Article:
- A curriculum supplement released by the New York City Department of Education this spring, titled "Hidden Voices: LGBTQ+ Stories in United States History," focuses on expanding equity by including more LGBTQ voices in history lessons, Chalkbeat reports.
- Included in the resource is information on significant eras in U.S. history, such as the "Lavender Scare" and "Pansy Craze," viewed in the context of their impact on the LGBTQ community, as well as the stories of 20 individuals who pushed gender and sexuality boundaries — like Frank Kameny, the first person to sue the federal government for LGBTQ discrimination. The document notes that the list isn't exhaustive.
- The New York City Department of Education spent two years collaborating on the supplement's development with the Museum of the City of New York, New York Public Library, New-York Historical Society and National Archives.
“When I was in college, if a teacher had talked about someone being gay in the past it would have been dramatic because nobody was talking about gay people at all,” Daniel Hurewitz, associate professor of history at Hunter College and lead historian on the project, told Chalkbeat.
While support for LGBTQ-inclusive curricula has grown in recent years, districts still face hurdles in its adoption and implementation. Five states — New Jersey, California, Illinois, Oregon and Colorado — have mandates for public schools to teach LGBTQ-inclusive curriculum, varying from sex education to the roles and contributions of LGBTQ figures throughout history, but experts say there's little in place to enforce those requirements, and pushback persists in some cases from parents and community members as well as educators themselves.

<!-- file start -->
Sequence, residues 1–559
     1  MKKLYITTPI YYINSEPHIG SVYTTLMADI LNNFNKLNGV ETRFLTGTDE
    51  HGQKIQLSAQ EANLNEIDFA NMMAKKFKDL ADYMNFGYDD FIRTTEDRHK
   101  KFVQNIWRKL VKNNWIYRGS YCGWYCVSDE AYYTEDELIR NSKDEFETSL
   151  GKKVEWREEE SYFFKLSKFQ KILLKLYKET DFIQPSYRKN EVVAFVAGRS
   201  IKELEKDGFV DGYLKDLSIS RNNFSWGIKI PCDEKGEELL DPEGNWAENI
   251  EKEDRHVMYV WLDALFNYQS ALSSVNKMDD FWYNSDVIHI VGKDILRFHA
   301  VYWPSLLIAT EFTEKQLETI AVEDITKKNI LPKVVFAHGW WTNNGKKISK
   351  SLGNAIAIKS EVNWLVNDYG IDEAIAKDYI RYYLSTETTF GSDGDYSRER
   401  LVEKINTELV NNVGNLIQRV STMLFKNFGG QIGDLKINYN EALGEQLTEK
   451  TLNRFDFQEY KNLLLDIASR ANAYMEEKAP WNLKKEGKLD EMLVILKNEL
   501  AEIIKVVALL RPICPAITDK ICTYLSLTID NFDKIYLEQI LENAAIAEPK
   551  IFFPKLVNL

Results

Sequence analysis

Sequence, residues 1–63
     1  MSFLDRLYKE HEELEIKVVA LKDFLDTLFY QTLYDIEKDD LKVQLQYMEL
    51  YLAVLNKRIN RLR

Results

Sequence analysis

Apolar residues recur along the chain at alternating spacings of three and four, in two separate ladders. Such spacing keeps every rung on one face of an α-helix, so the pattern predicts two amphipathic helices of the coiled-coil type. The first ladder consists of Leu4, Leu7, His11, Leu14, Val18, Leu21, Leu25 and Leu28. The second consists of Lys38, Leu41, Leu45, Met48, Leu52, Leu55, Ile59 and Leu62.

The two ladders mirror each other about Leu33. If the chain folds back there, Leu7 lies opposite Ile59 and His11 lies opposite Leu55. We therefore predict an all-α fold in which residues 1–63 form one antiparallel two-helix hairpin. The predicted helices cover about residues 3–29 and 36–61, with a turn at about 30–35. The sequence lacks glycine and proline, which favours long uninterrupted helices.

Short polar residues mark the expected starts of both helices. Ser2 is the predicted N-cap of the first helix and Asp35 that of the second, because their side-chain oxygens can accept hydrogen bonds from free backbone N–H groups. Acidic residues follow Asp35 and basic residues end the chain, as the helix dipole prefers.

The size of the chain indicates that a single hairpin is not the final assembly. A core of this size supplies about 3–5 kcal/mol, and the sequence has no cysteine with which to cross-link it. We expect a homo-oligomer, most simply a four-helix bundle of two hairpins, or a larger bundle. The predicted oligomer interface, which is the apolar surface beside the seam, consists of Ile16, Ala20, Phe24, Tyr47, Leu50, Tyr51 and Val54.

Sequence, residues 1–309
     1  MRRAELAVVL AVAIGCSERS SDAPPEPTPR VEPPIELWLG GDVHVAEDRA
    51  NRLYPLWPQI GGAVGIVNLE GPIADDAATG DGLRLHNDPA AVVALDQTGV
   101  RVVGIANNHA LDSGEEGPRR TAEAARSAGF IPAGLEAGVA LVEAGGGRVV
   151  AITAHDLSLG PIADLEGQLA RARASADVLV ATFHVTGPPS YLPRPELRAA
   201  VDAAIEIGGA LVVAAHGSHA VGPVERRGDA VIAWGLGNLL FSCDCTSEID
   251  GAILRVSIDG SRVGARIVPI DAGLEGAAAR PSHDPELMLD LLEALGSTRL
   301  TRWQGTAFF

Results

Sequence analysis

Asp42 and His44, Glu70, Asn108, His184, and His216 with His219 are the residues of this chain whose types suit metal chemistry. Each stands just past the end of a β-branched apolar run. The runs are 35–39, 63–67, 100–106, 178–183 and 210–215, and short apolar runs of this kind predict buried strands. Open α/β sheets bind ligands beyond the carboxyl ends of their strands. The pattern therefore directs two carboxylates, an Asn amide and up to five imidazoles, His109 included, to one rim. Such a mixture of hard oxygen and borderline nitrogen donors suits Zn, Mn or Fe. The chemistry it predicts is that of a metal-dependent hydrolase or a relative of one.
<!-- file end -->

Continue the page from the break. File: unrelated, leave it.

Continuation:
Research, however, has shown that on top of helping LGBTQ students feel represented, inclusive curricula can also serve to expand social-emotional learning experiences for all students, reducing stigma and bullying. In a June 2020 study from the University of Connecticut’s Rudd Center for Food Policy and Obesity, almost three-quarters of LGBTQ students surveyed reported experiencing bullying. The research also found that the presence of a gay-straight alliance in a school helped by fostering a more inclusive environment around issues ranging from body size to identity.